13. 5 out of 5

    Charlotte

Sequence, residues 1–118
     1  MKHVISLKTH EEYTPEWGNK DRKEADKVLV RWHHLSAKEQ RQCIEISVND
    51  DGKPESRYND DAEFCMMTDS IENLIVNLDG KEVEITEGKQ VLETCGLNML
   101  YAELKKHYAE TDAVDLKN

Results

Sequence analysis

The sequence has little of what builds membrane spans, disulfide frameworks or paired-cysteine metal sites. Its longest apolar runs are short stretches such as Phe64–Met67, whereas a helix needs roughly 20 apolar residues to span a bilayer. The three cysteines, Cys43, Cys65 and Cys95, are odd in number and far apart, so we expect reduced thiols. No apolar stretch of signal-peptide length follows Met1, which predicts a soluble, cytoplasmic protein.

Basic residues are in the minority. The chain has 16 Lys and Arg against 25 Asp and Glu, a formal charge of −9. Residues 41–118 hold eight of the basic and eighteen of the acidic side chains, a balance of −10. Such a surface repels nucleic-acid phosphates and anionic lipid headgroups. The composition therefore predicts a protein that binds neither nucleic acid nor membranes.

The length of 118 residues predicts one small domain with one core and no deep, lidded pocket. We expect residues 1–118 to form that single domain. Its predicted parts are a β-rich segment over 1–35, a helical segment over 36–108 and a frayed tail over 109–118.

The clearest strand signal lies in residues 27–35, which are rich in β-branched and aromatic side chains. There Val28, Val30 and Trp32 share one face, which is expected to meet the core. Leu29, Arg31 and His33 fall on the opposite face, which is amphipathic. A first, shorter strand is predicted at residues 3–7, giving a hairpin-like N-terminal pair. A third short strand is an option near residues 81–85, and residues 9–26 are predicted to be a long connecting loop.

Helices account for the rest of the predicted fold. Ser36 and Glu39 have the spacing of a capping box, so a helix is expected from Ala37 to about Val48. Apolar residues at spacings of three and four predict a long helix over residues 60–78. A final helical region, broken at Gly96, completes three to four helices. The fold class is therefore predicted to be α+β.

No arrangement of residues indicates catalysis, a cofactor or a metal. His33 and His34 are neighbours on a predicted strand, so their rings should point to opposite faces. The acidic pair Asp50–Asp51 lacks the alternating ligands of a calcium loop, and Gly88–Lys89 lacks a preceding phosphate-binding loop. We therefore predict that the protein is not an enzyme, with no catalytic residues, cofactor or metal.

This was a collection of famous classic short stories written by American Women. Before each short story was a short biography about the author, which was nice. I read it for the Read Women 2019 Challenge. Although these stories are classics, I had only ever read one before, which makes me sad. Probably my two favorite stories were "White Heron" by Sarah Orne Jewett, and "A Jury of Her Peers" by Susan Glaspell. White Heron has to do with a young girl deciding between a man she likes and the live This was a collection of famous classic short stories written by American Women. Before each short story was a short biography about the author, which was nice. I read it for the Read Women 2019 Challenge. Although these stories are classics, I had only ever read one before, which makes me sad. Probably my two favorite stories were "White Heron" by Sarah Orne Jewett, and "A Jury of Her Peers" by Susan Glaspell. White Heron has to do with a young girl deciding between a man she likes and the livelihood of a bird. A wonderful quote, paraphrased, is "She wondered why he shot the things which he seemed to like so much." And "A Jury of Her Peers" is about how two women are able to solve a mystery, while the men are not. This is because they were willing to pay attention to small details that the men thought were silly, because they were "women's things." Apparently the short story was first a play. I think that would be interesting to see. There were other fascinating short stories too. One focused on how a woman and man, after being engaged for many years, no longer wanted to be married. There was another story about domestic abuse. And other story about what it was like to be biracial in a segregated world. Altogether, I really enjoyed this.